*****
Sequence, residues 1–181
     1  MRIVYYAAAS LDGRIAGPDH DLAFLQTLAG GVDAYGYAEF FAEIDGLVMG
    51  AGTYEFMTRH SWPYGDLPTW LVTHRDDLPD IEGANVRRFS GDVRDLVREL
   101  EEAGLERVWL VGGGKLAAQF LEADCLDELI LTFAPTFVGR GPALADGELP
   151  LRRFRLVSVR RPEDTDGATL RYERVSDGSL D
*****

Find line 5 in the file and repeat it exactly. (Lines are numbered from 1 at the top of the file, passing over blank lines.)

   151  LRRFRLVSVR RPEDTDGATL RYERVSDGSL D